Sen. Barack Obama’s campaign raised $25 million in the two-and-a-half months after announcing his exploratory committee with contributions from nearly 100,000 donors — sending a clear message that Mr. Obama’s campaign is a powerful force in the race for the Democratic presidential nomination.
The large base of donors — more than half coming by way of the Internet and nearly double that of the Democratic front-runner, Sen. Hillary Rodham Clinton of New York — signals that she will have to fight every step of the way in her quest to become the first female president.
Mr. Obama said the first-quarter 2007 fundraising achievement was a message to Washington.
“It’s been a truly historic response — a measure of just how hungry people are to turn the page on this era of small and destructive politics and repair our American community,” the Illinois Democrat wrote in an e-mail letter to supporters. “You’ve sent an unmistakable message to the political establishment in Washington about the power and seriousness of our challenge.”
The campaign received $23.5 million toward the primary campaign and close to $2 million that can be used in the general election. Some $516,500 was transferred from his Senate campaign.
Mr. Obama may actually have outraised Mrs. Clinton in terms of money that can be spent in the nomination race. ABC News reported last night, citing anonymous sources, that of the $26 million Mrs. Clinton raised, only about $20 million is for use in the primaries and caucuses. The Clinton campaign has not released official estimates on that breakdown since it released its overall figure Sunday.
Although the Obama campaign raised $6.9 million from more than 50,000 Internet-based donations, much of the campaign’s total came from big-money donors. Hollywood producers David Geffen and Steven Spielberg held a fundraiser for Mr. Obama in February that made headlines when Mr. Geffen disparaged Mrs. Clinton in a blog interview.
But Mr. Obama also received donations from wealthy Chicago donors including the billionaire Pritzker family, founders of the Hyatt hotel chain and the Marmon Group investment firm. Penny Pritzker is the campaign’s finance chairwoman.
“This overwhelming response, in only a few short weeks, shows the hunger for a different kind of politics in this country and a belief at the grass-roots level that Barack Obama can bring out the best in America to solve our problems,” Mrs. Pritzker said.
Serious money — at least $10 million in the campaign’s first-quarter report to the Federal Election Commission — is what most pundits said Mr. Obama needed to be considered competitive by the political community. Having far surpassed that, Mr. Obama will now need to spend the next four months working to match Mrs. Clinton in name recognition and in the opinion polls.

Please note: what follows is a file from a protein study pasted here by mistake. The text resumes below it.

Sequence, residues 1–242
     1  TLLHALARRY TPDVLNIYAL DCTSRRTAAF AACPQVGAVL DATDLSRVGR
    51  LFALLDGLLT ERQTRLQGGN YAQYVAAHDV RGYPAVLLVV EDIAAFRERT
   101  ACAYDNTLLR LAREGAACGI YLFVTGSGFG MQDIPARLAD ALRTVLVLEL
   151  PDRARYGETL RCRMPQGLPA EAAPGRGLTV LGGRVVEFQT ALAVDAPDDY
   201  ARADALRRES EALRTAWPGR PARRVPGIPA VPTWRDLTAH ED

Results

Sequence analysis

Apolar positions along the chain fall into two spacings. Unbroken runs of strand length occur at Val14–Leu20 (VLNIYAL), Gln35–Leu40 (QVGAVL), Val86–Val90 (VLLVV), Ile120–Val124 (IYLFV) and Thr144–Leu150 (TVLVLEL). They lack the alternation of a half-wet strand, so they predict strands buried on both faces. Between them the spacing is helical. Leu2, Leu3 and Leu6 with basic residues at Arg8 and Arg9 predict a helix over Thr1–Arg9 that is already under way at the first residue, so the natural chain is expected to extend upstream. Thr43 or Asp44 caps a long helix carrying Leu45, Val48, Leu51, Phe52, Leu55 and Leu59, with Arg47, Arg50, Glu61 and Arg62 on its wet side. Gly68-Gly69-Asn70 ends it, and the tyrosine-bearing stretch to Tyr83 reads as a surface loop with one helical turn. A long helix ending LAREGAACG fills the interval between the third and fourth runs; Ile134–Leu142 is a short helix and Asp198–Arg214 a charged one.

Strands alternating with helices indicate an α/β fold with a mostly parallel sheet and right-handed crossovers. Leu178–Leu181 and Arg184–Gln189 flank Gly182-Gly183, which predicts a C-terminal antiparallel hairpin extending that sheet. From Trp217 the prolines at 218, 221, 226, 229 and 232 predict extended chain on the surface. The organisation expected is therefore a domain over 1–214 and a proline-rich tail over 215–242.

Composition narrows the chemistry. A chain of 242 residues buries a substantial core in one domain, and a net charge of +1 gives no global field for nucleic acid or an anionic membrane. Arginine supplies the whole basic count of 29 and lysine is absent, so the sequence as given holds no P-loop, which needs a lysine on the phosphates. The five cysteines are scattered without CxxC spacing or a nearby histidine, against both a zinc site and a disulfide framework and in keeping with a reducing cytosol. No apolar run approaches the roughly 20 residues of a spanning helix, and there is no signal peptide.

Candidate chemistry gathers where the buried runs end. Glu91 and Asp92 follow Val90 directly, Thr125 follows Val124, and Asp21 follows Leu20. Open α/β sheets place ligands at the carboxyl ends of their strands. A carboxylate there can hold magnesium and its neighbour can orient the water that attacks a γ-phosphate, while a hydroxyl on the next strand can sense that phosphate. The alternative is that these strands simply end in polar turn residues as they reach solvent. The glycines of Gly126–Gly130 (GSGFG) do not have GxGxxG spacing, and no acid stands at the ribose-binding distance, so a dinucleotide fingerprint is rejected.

While campaigning last night in Iowa, Mr. Obama told reporters that he was “particularly proud that we were able to do this without any money from federal lobbyists or [political action committees].”
He also cautioned against assuming that the fundraising figures set up a two-way race between him and the former first lady. “It’s way too early,” he said.
The Latino Policy Coalition on Tuesday released a poll of 1,000 registered Hispanics likely to vote in the 23 states with the highest Hispanic population density. It showed Mrs. Clinton leading all candidates with 60 percent support, followed by Mr. Obama with 12 percent. The poll had a margin of error of three percentage points.
“These numbers speak to the Latino community’s familiarity with Senator Clinton and a lack of familiarity with the rest of the field,” said Jim Gonzalez, chairman of the Latino Policy Coalition.
New Mexico Gov. Bill Richardson, a Democrat and the first Hispanic to run for president, scored only 9 percent in the poll. Former Sen. John Edwards, North Carolina Democrat, received 7 percent, and Sen. Joseph R. Biden Jr., Delaware Democrat, received 1 percent.
“The candidates still have time to introduce themselves to Latino voters, but the clock is ticking. With such a significant bloc of votes at stake, each of the candidates needs to step up their outreach efforts,” Mr. Gonzalez said.
After establishing his ability as a fundraiser, Mr. Obama should now be able to marshal a cadre of prominent elected officials to act as surrogates for his campaign and help get his name out to their constituents.
The campaign recently got the support of the Rev. Jesse Jackson, someone who can mobilize black voters in large numbers. Mr. Jackson also has a massive organization in the Rainbow/PUSH Coalition, dedicated to registering young voters — a group that has become the backbone of the Obama campaign.
“There are a lot of people who would not be out here working in the race and listening if not for Mr. Obama, and I think you have to go ahead and admit that,” said House Majority Whip James E. Clyburn, South Carolina Democrat.